PVAN is a complication of excessive immunosuppression in kidney transplant patients. Most clinicians reduce the dose of immunosuppressive drugs after the diagnosis is made, but some have advocated a brief course of steroids if tubulitis is present. The purpose of this study was to determine the effect of changes in immunosuppression on: (a) histologic viral load, (b) grade of tubulitis, and (c) serum creatinine as a marker of graft function. Clinical response as assessed by serum creatinine did not show statistically significant differences between the patients treated with an initial increase or decrease in immunosuppression. Thus, complete reversal of serum creatinine within 8 weeks of biopsy was seen in 3/19 (15.8%) of biopsies treated by increased immunosuppression, and in 1/19 (5.3%) of biopsies treated with decrease in immunosuppression (Table 1). However, the majority of biopsies treated with steroids showed either no change (1/19 = 5.3%), or actual worsening (11/19 = 57.9%) of serum creatinine. Even when improvement in serum creatinine occurred following steroid therapy, it was of a transient nature.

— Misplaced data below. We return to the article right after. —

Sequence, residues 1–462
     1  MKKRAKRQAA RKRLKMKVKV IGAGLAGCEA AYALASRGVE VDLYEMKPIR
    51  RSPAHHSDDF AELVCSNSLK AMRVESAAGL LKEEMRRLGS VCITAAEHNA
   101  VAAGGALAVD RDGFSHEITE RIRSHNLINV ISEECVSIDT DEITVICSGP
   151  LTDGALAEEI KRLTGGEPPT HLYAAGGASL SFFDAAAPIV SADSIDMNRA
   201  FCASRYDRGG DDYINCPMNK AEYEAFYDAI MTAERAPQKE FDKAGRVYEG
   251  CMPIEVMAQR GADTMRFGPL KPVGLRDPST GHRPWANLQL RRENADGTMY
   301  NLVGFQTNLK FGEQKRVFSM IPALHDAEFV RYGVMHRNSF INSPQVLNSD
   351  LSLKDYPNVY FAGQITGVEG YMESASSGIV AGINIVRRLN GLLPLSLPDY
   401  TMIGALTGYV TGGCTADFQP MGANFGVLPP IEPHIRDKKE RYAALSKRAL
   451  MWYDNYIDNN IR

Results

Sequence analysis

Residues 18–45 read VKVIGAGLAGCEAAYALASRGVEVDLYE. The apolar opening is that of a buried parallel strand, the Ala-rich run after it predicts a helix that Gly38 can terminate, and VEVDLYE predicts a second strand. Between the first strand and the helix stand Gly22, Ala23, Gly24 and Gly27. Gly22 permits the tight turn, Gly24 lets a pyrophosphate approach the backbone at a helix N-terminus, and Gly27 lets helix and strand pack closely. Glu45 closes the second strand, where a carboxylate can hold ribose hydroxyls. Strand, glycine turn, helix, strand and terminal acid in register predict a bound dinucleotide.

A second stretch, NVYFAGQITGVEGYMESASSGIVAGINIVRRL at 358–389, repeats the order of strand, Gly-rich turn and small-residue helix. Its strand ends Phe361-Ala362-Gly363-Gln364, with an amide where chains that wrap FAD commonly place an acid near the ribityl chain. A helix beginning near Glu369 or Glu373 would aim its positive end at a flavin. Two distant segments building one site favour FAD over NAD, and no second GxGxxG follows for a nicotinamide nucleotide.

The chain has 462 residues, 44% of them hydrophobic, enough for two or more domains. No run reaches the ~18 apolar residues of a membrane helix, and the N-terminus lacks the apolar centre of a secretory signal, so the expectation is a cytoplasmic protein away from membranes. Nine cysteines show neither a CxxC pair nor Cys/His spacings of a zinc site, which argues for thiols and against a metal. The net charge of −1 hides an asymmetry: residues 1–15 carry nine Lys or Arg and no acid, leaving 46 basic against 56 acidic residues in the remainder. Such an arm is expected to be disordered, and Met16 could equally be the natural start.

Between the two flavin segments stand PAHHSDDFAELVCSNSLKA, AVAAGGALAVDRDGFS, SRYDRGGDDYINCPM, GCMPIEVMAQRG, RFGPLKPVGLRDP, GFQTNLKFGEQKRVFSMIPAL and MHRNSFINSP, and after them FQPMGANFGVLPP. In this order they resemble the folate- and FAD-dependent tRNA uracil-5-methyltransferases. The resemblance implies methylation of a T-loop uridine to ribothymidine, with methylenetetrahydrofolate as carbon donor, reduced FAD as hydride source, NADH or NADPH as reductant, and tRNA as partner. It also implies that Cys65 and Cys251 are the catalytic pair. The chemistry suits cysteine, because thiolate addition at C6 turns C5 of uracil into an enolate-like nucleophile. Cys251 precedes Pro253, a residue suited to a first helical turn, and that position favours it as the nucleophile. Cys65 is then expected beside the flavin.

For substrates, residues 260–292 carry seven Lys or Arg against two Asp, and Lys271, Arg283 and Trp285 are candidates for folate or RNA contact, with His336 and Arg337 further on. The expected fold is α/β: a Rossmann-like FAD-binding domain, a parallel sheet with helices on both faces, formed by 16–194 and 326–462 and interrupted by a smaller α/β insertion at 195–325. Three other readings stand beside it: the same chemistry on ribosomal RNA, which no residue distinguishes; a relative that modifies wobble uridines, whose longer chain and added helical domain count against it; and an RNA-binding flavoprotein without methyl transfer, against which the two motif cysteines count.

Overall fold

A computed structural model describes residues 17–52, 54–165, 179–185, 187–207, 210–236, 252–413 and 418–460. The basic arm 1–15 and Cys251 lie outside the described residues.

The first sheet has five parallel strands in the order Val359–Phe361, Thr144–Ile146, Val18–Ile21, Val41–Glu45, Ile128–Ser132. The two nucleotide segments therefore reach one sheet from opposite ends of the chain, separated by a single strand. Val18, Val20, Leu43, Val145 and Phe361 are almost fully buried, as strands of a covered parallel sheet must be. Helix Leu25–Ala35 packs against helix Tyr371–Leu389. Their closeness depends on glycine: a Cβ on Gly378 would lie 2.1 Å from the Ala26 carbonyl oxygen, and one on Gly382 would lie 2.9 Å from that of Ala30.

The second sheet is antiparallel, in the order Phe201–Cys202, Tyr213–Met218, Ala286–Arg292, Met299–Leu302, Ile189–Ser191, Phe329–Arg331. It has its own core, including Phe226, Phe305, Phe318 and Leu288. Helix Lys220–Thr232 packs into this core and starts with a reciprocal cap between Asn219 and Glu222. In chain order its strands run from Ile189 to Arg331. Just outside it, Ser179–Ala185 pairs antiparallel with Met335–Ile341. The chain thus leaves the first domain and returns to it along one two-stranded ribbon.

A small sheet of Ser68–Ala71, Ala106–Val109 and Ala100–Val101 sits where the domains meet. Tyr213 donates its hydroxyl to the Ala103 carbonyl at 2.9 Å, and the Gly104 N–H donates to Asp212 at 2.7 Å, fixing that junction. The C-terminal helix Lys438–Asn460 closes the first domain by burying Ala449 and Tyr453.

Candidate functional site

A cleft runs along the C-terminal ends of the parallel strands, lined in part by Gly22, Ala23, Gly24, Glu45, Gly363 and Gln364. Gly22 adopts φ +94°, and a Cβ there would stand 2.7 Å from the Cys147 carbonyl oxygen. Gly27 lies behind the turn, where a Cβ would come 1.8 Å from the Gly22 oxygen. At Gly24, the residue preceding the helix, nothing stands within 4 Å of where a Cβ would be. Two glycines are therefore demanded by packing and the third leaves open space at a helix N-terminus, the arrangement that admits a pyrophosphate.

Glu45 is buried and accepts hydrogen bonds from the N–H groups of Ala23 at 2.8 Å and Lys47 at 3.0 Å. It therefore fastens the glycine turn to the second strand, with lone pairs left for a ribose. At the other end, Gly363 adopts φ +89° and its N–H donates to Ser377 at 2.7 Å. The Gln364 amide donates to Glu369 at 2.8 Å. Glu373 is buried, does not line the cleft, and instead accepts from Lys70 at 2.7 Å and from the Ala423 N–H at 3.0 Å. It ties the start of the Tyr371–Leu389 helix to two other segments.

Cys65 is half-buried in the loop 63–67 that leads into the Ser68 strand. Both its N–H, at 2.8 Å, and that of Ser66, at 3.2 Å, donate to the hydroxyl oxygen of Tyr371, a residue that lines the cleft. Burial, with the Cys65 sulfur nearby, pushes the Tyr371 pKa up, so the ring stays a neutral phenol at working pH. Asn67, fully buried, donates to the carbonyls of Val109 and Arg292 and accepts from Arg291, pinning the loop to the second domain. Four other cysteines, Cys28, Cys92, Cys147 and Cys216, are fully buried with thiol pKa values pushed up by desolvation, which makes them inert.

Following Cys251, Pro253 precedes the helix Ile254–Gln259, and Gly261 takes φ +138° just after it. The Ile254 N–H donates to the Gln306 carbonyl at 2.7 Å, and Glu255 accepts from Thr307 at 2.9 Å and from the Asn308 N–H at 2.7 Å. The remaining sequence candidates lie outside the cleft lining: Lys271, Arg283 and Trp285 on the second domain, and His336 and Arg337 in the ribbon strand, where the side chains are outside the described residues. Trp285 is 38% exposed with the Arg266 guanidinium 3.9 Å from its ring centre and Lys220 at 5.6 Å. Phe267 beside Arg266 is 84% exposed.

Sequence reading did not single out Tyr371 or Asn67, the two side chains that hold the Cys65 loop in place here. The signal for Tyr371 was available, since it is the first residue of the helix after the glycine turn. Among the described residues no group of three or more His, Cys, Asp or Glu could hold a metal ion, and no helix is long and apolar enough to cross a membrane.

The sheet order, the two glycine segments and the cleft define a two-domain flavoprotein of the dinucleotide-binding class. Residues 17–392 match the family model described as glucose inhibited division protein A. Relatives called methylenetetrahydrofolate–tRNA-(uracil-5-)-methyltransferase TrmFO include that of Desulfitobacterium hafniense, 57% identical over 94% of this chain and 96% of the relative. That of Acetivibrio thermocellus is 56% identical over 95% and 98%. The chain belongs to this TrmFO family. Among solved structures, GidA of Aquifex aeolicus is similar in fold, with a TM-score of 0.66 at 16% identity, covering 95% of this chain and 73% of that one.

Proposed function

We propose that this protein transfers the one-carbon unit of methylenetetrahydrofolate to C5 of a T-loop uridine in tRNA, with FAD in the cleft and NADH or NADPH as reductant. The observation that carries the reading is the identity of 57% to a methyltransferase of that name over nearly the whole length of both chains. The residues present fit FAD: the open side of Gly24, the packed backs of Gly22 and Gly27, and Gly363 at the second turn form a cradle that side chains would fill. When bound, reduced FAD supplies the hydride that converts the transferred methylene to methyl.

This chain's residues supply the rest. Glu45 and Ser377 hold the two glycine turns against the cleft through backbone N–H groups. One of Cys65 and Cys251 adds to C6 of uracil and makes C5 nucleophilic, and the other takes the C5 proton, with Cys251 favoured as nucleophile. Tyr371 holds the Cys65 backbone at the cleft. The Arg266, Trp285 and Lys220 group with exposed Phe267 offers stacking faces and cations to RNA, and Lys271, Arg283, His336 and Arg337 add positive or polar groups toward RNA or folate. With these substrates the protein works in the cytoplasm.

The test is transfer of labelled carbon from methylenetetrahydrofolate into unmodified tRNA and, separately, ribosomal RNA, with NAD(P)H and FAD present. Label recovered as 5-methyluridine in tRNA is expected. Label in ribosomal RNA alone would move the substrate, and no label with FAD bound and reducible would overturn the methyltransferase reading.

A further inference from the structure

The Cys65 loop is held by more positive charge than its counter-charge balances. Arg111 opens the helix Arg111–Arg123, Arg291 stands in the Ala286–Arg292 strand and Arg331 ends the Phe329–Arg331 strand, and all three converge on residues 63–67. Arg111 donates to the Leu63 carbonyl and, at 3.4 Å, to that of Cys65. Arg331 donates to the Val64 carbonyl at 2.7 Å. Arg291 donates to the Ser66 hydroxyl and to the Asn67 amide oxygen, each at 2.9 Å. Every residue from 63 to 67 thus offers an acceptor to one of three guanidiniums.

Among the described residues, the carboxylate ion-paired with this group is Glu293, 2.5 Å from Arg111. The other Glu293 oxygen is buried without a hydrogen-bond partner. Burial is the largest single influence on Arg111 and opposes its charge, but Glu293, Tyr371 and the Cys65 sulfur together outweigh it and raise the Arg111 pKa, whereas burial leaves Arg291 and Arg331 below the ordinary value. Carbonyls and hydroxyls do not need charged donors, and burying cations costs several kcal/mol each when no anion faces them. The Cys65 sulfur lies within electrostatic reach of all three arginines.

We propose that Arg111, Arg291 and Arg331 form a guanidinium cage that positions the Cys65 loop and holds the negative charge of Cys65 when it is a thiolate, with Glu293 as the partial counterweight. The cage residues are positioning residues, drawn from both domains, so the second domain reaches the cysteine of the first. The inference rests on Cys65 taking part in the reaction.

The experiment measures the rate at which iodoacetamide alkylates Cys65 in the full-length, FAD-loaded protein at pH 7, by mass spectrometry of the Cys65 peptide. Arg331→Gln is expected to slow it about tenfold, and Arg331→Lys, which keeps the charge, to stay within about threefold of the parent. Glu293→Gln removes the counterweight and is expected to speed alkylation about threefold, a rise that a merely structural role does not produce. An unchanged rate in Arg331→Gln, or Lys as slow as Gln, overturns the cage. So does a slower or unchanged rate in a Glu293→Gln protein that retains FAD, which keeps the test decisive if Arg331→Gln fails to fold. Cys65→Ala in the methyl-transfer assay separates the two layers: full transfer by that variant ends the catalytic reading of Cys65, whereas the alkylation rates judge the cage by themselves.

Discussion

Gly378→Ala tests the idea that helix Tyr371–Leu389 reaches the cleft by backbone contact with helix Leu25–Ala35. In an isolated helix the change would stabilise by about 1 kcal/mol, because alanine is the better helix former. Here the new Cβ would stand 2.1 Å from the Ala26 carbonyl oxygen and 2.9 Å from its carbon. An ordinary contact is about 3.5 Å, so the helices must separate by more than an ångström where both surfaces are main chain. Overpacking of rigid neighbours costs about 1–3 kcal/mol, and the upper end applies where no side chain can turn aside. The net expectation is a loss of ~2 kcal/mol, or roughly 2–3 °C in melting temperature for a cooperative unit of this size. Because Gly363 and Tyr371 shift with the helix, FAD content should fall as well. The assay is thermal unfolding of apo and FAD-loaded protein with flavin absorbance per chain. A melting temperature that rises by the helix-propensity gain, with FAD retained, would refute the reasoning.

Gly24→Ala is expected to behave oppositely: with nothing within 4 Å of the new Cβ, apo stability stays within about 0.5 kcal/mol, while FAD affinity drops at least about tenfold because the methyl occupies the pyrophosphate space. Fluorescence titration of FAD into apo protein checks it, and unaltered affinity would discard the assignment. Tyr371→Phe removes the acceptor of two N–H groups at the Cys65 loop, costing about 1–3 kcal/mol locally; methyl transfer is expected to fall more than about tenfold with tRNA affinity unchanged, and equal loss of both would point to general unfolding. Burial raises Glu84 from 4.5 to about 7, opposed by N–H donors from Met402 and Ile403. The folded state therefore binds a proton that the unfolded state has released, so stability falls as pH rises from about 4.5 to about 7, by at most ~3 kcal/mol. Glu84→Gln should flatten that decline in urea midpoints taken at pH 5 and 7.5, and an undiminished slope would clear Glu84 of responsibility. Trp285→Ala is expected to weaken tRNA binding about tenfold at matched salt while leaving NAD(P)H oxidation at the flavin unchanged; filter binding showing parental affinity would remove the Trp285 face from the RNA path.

Biopsies treated with no change in immunosuppression showed a persistently high viral load in 3/6 (50.0%) of the cases (Table 1). Increased immunosuppression led to persistent or worsened viral cytopathic effect in 16/20 (80%) of biopsies within 8 weeks. In contrast, reduction of immunosuppression led to viral clearance in 7/10 (70%) of biopsies after long-term follow-up (Table 2). These observations form the basis of our current policy to reduce the immunosuppression, whenever a diagnosis of PVAN is made. Nonetheless, the clinical course of individual patients is variable, and reduction of viral load did not always translate into improved graft function, probably due to irreversible chronic allograft nephropathy (9), and perhaps the confounding effect of alloimmune injury. Long-term follow-up did not show any statistically significant differences between patients who did or did not receive a brief initial course of steroid therapy (Table 2). It is also worth mentioning that viral clearance was observed even in a few patients getting no therapy or steroid therapy for presumed concomitant rejection.